Volume 78 - Number 24 / NOVEMBER 12 - 18, 2008
West and East Village, Chelsea, Soho, Noho, Little Italy, Chinatown and Lower East Side, Since 1933

Letters to the Editor

Voting: As real as your life

To The Editor:
When our children were young, my wife and I drove them down to Neshoba County, Miss., because we wanted them to understand the majesty of this country. Our boys are black, white, Dominican and Puerto Rican. Five of them grew up in New York City public housing before coming to our home. One came through the city’s homeless shelter system, all of them through our public schools.

We’d spoken with our boys for years about the importance of voting; they didn’t see the point, and we wanted them to. So we drove to Birmingham, Ala., and walked where Sheriff Bull Connor turned water cannons on black children because they and their parents demanded the unfettered right to vote. We traveled to where Andrew Goodman and Michael Schwerner, two young New Yorkers, worked with James Chaney that Freedom Summer 1964 to register black Americans to vote. Those three young men believed the right to vote, the people’s voice, was so sacred it could not be taken away, so sacred they were willing to risk their lives, and brutally lost them, for the dream of democracy. 

Since they turned 18, each of my sons has voted in every election. But after Mayor Bloomberg sponsored this City Council mandate directing councilmembers to ignore two voter referenda on term limits, my son Kindu Jones, an African-American whose family still lives in Seward Park Extension public housing, asked me to explain why the peoples’ voice no longer mattered in New York City. Didn’t their vote count? I explained, with fear and sadness, that the creep of totalitarianism starts with a tiptoe of intolerance for the will of the people.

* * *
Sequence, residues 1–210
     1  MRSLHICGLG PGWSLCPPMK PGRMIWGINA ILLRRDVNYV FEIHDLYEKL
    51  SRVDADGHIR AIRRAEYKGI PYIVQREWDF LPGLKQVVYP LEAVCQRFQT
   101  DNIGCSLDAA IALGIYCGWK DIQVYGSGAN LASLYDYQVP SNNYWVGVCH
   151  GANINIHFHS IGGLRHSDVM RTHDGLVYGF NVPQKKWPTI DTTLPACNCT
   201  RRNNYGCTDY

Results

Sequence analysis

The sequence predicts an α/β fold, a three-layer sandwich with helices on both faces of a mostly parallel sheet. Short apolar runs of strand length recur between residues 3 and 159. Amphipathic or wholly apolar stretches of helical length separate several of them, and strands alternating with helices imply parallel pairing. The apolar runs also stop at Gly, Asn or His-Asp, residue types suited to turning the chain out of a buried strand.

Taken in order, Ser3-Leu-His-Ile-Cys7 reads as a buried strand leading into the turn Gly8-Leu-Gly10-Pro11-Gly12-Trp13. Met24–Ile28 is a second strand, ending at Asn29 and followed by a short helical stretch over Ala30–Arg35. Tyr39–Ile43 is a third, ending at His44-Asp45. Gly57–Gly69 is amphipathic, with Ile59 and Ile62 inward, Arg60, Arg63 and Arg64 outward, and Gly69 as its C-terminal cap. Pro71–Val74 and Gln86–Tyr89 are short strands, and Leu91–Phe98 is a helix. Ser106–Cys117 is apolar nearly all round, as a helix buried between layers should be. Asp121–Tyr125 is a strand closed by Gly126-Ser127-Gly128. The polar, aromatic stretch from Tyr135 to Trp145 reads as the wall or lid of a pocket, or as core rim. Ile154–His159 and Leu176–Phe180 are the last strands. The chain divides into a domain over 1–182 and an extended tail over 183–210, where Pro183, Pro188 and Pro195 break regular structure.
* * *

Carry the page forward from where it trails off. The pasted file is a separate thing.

Mayor Bloomberg, how will countless other parents and I explain to our children that good men craving power pushed aside the people’s voice in self-serving arguments attenuating the sanctity of democracy for the sake of nothing greater than ambition?
Michael Rosen


Mendez stood tall

To The Editor:
I frequently write letters criticizing my councilmember, but she is due a letter of praise for her vote against the City Council’s overturning of term limits. While I voted against term limits — twice — and welcome their demise, the method used by the mayor and council was dictatorial and a move against the democratic process.

Thank you, Rosie.
Susan Leelike

Gerson has my vote

To The Editor:
I write in support of Councilmember Alan Gerson and the position he took regarding term limit extensions. Gerson introduced legislation that would have put the issue to a vote of the people, and he was right to do so. Unfortunately, that effort failed. The council did not listen to Gerson and would not return the issue to the voters. However, once a referendum became a moot point, and the council had to decide on the issue, “yes” or “no,” Gerson was right to vote in support of the extension. At least, this way, we the people will get to vote for or against our representatives. 

As a 30-year resident of Chinatown, as president of my co-op board and a leader in a local synagogue, I have witnessed firsthand Alan Gerson’s commitment to the best interests of Council District 1. I look forward to his re-election.
Toby Turkel


Gerson’s finest hour

To The Editor:
Re “Let’s fight, but next time,” by Jim Smith; “Gerson done good,” by David Weinberger; “Term-limits horse sense,” by Elizabeth Forel, and “Gerson is ‘convoluted,’” by Robert Lederman (letters, Nov. 5):

Your most recent letters to the editor section is chock-full of comments concerning City Councilmember Alan Gerson’s recent actions on term limits and vending regulations. Strong debate and dissent are fair game, and your letters section has always served as a sort of “Village Square” where all opinions can be expressed. Thank you for that.

However, in his letter, Robert Lederman asked of Gerson: “How is it that with all the unprecedented crises you mentioned — including 9/11 and its aftereffects — you have spent your entire seven years in public office trying to destroy the constitutional rights of New York City street artists?”